While scoring is important, it is the little things – using proper technique, playing your position and having a team chemistry – that make the difference between having fun and being competitive versus just showing up and getting a team drink after the game. Applying this sports analogy to our businesses, the principle is no different. Offensively, it’s analogous with sales and market share. "Scoring" is a great mental boost, only a little more difficult to come by these days. Therefore, relying heavily on defense is imperative in order to be profitable.
I equate playing defense with business fundamentals; like balancing personnel, operating expenses and inventory levels to business activity. Today, it is both a painful quantitative and qualitative exercise. It’s quantitative when measuring sales per employee requires scheduling hours with fewer people and getting the operation down to fighting weight. However, it’s qualitative when you look at your people and are asking them to do more with less. These are the people who must be productive and understand what it takes to survive. It’s the quality of your people that will make the difference. While there may be no championships, it sure helps with the bottom line.
Luxury Vs. Necessity
It’s been my experience that one of the areas hit hardest by budget cuts is the training function. Unfortunately, training is a term that is many times misunderstood. Be careful before considering it as a luxury or a "nice to have" item, unless it is a miscellaneous catch-all line item where inefficiencies are buried. By cutting your training budget just to save money in order to ride out this economic storm, you may actually be doing more harm than good to your organization’s bottom line.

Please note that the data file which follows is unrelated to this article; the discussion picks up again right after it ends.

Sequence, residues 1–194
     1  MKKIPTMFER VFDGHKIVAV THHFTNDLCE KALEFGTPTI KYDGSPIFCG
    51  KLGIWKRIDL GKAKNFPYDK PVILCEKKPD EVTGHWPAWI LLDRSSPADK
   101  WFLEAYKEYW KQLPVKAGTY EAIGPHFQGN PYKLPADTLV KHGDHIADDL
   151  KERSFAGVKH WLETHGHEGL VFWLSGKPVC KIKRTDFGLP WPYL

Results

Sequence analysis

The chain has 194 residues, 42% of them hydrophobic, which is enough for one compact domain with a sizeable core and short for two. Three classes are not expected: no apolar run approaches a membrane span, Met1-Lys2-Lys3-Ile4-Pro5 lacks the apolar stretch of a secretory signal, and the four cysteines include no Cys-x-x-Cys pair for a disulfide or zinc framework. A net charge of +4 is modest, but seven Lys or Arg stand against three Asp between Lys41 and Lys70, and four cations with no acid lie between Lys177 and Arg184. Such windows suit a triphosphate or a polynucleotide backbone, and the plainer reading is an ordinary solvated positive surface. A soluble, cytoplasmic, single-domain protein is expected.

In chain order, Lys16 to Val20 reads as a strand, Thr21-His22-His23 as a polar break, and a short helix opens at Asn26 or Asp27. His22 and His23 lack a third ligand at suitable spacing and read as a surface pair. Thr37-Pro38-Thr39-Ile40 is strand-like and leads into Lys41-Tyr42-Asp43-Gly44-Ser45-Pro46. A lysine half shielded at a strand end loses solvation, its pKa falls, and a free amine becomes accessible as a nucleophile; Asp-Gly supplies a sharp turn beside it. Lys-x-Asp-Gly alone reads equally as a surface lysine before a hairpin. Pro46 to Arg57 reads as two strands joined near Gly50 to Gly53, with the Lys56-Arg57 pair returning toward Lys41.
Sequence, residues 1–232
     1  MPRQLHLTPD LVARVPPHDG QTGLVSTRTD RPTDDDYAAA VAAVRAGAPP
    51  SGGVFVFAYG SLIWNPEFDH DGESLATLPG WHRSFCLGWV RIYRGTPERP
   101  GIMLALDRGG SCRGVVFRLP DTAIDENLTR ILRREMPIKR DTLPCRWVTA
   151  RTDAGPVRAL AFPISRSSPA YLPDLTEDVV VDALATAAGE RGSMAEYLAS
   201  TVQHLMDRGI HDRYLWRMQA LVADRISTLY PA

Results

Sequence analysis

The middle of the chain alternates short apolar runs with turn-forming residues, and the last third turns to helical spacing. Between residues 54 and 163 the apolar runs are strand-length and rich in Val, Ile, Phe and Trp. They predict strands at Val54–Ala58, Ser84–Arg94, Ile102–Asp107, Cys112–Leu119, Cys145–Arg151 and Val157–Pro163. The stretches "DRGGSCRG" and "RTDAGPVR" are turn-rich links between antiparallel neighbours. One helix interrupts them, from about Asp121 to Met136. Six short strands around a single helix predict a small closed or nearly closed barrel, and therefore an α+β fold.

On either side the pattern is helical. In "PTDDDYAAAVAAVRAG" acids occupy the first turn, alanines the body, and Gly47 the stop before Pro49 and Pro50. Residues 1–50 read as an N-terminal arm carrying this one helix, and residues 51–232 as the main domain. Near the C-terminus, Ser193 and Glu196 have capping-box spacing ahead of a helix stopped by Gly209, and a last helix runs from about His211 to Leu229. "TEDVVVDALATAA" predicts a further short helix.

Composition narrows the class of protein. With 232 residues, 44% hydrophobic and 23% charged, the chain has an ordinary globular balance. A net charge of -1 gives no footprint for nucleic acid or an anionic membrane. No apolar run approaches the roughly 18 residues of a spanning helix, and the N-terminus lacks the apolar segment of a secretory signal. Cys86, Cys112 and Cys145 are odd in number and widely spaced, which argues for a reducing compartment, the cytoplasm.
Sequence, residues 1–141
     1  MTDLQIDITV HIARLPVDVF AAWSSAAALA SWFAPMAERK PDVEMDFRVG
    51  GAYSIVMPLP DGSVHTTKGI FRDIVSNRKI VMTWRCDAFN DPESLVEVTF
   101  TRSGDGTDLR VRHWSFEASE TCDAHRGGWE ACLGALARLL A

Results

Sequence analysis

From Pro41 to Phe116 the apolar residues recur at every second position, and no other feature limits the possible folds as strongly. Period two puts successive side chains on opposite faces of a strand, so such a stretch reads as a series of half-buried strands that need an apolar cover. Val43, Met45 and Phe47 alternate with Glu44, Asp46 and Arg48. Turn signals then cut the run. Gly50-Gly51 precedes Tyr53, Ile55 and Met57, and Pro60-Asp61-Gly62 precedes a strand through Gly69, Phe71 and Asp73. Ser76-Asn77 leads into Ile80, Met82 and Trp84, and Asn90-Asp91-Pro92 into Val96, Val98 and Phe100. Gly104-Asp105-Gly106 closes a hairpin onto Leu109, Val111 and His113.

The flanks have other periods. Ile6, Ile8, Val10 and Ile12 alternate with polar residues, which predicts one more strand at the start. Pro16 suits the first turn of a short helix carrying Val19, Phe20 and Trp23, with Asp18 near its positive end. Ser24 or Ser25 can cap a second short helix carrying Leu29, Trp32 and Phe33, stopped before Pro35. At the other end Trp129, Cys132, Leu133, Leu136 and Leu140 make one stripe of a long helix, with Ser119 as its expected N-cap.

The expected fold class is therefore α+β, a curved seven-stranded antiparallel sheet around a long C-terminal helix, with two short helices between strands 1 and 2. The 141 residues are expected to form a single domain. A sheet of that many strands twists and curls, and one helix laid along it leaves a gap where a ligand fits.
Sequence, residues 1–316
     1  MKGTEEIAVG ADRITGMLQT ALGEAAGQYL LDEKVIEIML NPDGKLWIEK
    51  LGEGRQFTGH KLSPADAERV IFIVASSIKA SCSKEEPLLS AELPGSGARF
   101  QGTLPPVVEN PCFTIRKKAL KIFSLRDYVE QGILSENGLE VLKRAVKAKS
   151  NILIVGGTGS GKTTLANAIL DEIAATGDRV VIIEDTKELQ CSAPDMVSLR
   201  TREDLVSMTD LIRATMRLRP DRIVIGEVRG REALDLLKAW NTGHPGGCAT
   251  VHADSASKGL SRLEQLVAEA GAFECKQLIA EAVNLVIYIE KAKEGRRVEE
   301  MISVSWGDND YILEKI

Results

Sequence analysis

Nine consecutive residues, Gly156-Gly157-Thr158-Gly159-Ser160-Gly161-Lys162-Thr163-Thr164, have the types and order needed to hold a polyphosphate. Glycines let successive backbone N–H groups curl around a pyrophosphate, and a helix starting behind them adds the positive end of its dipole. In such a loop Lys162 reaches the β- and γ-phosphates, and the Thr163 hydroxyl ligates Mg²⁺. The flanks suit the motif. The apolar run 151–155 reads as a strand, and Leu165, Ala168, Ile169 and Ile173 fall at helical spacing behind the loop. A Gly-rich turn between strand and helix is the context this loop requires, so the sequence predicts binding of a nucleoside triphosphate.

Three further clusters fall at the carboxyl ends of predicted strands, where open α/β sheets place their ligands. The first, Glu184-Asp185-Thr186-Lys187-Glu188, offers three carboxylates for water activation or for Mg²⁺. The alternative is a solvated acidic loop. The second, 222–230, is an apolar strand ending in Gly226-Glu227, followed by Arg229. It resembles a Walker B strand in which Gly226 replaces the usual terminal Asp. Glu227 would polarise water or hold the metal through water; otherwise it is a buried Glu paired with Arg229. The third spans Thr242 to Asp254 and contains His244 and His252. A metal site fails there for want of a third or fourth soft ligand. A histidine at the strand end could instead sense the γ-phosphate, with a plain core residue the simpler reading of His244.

Training in its simplest form consists of technical and transactional processes. How does the business system work, how does our product differ from the competition, what are the company policies, etc. Even in the service department, managers may place excess time into training, instead of policy, because it is easier to explain. Unless you’re planning on increased hiring this year, this function has minimal need. However, when it comes to professionalism, acquiring general knowledge, or acquiring particular knowledge or skills, then education under the term "training" is something to consider. After all, these are employees who help keep the organization running. If you have poor performance on their part, it could mean poor performance for the organization as a whole.
The AED Foundation, with its Personal Development Plans, Self Study Courses, Certification Programs, and Seminars do not merely train your people. It’s available to help you educate and develop them. What’s the distinction between training and education? Education is what you receive after you have been trained. You see, when you train someone, you teach them what to do. When you educate someone, you teach them how to think. When your kids go to school and learn how to count, that’s training; when you teach your kids what counts, that’s education.
It may be a cliché, but people are our greatest asset. If you value your employees and trust that they will be the ones who keep the company running and successful during these difficult economic times, you are ahead of most companies. Keeping them is important. Show them that you believe in them with professional education and development.